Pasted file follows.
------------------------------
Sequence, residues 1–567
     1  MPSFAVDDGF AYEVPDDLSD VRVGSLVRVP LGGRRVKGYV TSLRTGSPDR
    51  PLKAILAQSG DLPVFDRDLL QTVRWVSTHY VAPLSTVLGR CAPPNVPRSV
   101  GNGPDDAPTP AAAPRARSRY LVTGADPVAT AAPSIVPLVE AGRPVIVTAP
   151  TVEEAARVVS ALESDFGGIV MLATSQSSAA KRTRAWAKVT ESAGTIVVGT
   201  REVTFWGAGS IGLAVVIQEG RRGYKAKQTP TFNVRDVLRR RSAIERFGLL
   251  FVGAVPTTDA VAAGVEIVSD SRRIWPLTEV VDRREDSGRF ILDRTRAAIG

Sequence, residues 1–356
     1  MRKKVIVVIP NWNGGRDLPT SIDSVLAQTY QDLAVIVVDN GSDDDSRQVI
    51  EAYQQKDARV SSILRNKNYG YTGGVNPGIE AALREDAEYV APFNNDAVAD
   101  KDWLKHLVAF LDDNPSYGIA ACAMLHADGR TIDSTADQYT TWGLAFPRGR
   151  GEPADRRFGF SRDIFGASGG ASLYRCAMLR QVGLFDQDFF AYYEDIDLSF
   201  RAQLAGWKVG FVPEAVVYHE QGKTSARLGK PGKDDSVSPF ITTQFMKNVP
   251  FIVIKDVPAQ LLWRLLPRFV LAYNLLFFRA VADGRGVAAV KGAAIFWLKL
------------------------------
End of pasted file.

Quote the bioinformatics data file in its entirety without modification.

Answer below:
Sequence, residues 1–567
     1  MPSFAVDDGF AYEVPDDLSD VRVGSLVRVP LGGRRVKGYV TSLRTGSPDR
    51  PLKAILAQSG DLPVFDRDLL QTVRWVSTHY VAPLSTVLGR CAPPNVPRSV
   101  GNGPDDAPTP AAAPRARSRY LVTGADPVAT AAPSIVPLVE AGRPVIVTAP
   151  TVEEAARVVS ALESDFGGIV MLATSQSSAA KRTRAWAKVT ESAGTIVVGT
   201  REVTFWGAGS IGLAVVIQEG RRGYKAKQTP TFNVRDVLRR RSAIERFGLL
   251  FVGAVPTTDA VAAGVEIVSD SRRIWPLTEV VDRREDSGRF ILDRTRAAIG

Sequence, residues 1–356
     1  MRKKVIVVIP NWNGGRDLPT SIDSVLAQTY QDLAVIVVDN GSDDDSRQVI
    51  EAYQQKDARV SSILRNKNYG YTGGVNPGIE AALREDAEYV APFNNDAVAD
   101  KDWLKHLVAF LDDNPSYGIA ACAMLHADGR TIDSTADQYT TWGLAFPRGR
   151  GEPADRRFGF SRDIFGASGG ASLYRCAMLR QVGLFDQDFF AYYEDIDLSF
   201  RAQLAGWKVG FVPEAVVYHE QGKTSARLGK PGKDDSVSPF ITTQFMKNVP
   251  FIVIKDVPAQ LLWRLLPRFV LAYNLLFFRA VADGRGVAAV KGAAIFWLKL